School systems in Maryland will no longer be allowed to enforce "zero-tolerance" discipline policies with automatic consequences, Maryland's Board of Education decided Tuesday, according to WAMU 88.5, Washington's NPR affiliate.
The measure is intended to reduce suspensions, a topic that has been recently debated regionally.
Among elementary school students, Montgomery County Public Schools used the discipline method less often than at least six other school districts in the state, according to a .
That same report showed that more than 6,000 elementary school students were suspended in the Washington metropolitan area during the previous school year, including pre-kindergarteners and kindergarteners.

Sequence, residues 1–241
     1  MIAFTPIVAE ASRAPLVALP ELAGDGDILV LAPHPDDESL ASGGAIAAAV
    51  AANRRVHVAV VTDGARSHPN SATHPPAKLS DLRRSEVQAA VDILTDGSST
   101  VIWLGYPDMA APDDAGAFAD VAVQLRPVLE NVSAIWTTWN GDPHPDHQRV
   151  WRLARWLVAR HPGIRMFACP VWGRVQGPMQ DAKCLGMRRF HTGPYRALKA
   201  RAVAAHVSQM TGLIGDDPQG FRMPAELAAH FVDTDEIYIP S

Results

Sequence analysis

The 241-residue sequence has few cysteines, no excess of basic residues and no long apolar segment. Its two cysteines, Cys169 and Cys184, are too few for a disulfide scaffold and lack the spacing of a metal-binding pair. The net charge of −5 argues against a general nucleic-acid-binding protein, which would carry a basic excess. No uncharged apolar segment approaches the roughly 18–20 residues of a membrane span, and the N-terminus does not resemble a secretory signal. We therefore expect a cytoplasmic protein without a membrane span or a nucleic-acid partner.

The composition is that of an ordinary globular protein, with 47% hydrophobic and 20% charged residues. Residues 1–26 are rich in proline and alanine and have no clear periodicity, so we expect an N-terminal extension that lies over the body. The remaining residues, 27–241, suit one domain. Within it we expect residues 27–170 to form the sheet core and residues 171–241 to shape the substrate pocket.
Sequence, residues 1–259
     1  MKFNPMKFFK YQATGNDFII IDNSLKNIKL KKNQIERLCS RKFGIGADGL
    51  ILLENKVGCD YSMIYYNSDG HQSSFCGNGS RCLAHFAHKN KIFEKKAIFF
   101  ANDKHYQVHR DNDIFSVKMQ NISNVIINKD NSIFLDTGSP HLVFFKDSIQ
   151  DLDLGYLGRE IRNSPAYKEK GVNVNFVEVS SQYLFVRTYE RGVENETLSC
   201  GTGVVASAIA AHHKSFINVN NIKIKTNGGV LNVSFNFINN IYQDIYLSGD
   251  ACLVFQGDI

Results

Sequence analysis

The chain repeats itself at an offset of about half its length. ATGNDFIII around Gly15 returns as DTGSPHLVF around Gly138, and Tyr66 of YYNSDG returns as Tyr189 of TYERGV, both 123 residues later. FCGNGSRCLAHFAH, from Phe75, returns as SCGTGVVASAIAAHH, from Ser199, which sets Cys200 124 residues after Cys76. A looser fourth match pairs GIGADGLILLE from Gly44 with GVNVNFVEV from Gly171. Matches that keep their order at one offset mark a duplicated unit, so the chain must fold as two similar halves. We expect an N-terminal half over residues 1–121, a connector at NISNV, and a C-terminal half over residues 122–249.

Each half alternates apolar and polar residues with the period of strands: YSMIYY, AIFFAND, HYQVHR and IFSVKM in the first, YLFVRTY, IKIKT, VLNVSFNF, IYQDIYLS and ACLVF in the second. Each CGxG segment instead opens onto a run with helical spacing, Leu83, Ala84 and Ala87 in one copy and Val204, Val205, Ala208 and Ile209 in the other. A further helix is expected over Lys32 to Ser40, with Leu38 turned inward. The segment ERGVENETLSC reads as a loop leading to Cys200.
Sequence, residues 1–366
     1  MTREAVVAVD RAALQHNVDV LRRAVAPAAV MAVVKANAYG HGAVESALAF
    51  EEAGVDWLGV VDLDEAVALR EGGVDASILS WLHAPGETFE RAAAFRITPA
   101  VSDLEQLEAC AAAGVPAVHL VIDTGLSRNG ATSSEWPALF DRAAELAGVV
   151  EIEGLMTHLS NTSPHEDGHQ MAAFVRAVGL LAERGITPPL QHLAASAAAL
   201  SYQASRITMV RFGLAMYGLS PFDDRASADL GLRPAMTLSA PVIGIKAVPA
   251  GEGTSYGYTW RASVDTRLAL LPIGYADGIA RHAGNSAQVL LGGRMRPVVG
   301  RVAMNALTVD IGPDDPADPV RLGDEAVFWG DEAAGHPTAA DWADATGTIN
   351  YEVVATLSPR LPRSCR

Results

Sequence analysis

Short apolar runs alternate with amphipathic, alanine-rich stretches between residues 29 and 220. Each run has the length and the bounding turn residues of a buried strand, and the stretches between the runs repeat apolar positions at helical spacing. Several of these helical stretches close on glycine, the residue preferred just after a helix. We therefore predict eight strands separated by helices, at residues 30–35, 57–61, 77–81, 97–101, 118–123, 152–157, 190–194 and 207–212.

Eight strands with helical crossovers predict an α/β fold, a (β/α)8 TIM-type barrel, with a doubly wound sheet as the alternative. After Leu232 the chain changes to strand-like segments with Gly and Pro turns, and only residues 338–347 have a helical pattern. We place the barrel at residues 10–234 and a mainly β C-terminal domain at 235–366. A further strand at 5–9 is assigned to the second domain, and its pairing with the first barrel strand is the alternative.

MCPS developed a system to monitor suspension rates among some groups of students, namely African-American, Hispanic and students receiving special education services, which has been disproprotionate within the district.
Individual districts that have disproportionate rates of suspension must create a tracking system to address disparities, according to WAMU.